Writing for rights

- November 27, 2008

Dal Amnesty's Write For Rights table last year.

Dal student Samantha Snow believes a simple, handwritten letter can make all the difference in the world.

“When a foreign government official, or even our own Canadian government receives a piece of mail from an ordinary citizen like a university student, you might think that it might not make an impact,” says Ms. Snow, co-president of Dal Amnesty.  “But there are hundreds of thousands of ordinary people just like you and me who are writing to the same government. It is the amount of letters that each government receives that makes our letter writing campaigns effective.”

Last Thursday, a small group of people sat down to write letters and postcards and sign petitions at “Write for Rights” in the Student Union Building. The aim is to bring attention to human rights abuses happening in various countries across the globe.

“This was our first year doing a Write for Rights event like this,” says Ms. Snow, who is studying history and international development. “Nonetheless we got a lot of letters written for the amount of people we turned out.”

The Dalhousie Write for Rights event was organized by the four core members of Dalhousie Amnesty International: Ms. Snow, Danielle Nelson, Rachel Millet and Sahar Yousefi. The campaign focused on writing letters to Chinese government leaders asking them to free Hu Jia, who was imprisoned for peacefully speaking up for human rights issues in China, and on behalf of a women’s social justice group in Zimbabwe which is routinely targeted by police.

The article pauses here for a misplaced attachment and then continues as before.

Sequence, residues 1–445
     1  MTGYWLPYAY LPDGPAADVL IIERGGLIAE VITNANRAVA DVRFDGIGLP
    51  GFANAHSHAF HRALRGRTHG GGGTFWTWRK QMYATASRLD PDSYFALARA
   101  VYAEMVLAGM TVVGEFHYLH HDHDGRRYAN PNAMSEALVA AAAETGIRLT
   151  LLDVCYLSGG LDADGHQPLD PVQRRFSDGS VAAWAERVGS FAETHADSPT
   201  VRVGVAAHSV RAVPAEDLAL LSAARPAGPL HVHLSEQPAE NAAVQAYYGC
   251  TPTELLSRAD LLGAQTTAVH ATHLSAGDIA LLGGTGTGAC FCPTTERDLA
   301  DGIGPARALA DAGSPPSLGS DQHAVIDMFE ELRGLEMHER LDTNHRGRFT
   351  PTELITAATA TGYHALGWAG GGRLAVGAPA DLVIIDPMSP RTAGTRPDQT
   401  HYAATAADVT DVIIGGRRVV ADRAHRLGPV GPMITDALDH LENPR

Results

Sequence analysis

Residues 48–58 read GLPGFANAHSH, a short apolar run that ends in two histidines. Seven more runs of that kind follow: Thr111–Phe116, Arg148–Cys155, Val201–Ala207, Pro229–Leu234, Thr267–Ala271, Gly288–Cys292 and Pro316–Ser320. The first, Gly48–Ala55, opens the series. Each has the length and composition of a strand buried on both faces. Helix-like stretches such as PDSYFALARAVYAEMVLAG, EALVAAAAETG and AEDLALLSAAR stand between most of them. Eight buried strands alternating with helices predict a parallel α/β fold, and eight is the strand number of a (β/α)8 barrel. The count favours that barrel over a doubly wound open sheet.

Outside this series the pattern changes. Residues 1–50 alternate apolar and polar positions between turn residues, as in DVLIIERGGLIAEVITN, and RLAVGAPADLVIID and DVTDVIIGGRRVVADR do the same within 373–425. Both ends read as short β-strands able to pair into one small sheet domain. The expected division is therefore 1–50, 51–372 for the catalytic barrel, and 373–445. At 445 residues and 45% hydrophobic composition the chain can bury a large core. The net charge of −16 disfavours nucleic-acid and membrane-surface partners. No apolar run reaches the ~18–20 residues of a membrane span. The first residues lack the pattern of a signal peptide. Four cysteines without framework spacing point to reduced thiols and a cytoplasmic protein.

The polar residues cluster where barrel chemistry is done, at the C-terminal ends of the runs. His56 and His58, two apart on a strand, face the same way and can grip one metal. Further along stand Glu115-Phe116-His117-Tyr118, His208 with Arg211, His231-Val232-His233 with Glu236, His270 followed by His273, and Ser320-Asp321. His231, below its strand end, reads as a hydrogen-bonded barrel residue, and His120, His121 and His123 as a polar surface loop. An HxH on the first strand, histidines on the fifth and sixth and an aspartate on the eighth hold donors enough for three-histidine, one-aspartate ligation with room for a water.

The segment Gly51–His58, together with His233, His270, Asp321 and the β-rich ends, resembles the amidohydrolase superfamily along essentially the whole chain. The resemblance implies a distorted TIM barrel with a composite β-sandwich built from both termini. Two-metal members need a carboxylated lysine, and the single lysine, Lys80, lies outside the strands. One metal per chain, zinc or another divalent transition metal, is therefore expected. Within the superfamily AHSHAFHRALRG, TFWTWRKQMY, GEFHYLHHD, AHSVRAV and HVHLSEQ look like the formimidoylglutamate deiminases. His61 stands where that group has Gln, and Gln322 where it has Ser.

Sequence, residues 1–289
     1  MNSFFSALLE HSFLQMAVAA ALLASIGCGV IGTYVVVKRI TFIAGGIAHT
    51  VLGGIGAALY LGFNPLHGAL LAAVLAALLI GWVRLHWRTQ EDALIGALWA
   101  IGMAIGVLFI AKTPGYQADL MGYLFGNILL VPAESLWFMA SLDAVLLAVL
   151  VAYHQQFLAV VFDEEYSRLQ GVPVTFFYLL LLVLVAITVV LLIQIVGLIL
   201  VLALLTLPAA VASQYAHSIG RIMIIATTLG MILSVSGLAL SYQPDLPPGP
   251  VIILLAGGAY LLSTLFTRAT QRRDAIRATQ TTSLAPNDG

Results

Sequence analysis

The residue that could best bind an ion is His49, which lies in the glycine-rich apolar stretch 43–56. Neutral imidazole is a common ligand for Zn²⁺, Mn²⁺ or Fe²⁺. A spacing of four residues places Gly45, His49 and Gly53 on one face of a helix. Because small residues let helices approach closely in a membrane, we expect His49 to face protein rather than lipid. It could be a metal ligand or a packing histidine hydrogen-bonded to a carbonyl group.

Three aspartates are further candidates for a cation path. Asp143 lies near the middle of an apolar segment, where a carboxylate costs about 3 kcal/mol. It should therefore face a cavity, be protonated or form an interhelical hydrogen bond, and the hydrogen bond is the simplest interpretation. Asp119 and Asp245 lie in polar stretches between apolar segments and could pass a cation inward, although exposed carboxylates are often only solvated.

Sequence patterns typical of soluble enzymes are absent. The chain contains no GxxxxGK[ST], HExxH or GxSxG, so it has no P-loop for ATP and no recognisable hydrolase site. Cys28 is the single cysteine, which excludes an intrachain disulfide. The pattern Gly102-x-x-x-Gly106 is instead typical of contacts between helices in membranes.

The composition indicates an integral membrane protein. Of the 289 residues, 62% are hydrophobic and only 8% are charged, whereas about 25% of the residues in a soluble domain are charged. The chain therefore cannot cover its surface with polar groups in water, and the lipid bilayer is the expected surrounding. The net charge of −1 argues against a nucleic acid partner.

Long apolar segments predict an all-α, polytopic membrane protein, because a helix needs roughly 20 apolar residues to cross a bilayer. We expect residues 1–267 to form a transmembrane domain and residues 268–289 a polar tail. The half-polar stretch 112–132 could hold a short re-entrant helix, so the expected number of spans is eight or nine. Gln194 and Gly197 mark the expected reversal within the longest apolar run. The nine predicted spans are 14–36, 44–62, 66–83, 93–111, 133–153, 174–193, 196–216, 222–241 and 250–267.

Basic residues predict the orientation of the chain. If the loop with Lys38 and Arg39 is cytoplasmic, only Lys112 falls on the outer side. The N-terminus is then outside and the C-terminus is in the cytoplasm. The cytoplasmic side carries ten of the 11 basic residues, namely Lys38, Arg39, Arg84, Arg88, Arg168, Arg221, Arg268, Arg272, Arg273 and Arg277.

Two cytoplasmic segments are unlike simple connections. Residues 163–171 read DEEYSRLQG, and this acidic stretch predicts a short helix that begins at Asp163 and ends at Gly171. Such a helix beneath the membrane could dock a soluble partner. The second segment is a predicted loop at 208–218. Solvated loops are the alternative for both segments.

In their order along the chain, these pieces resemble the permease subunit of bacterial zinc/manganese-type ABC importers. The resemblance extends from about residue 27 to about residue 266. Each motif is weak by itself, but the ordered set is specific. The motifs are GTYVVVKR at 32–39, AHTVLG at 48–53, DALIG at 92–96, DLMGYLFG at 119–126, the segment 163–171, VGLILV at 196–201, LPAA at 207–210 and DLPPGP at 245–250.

Write-a-thons are taking place at various schools, homes and workplaces in 40 countries. Many events take place leading up to December 10, International Human Rights Day. 

“It’s this shared, intensified, global pressure that can bring positive change,” remarks Ms. Snow.

If you were unable to make the event, Amnesty International has online petitions that individuals can sign. And more letters are always welcome.

“If you are someone who has never written a letter before, there are letter writing guides posted on the website,” says Ms. Snow. “And if you are someone who really isn’t into writing letters the old fashioned way, some of the cases offered for this event include an email address. This is a bonus because you won’t have to pay for postage which has recently gone up to $1.60 a stamp!”

For information, see Amnesty International Canada’s Write for Rights.


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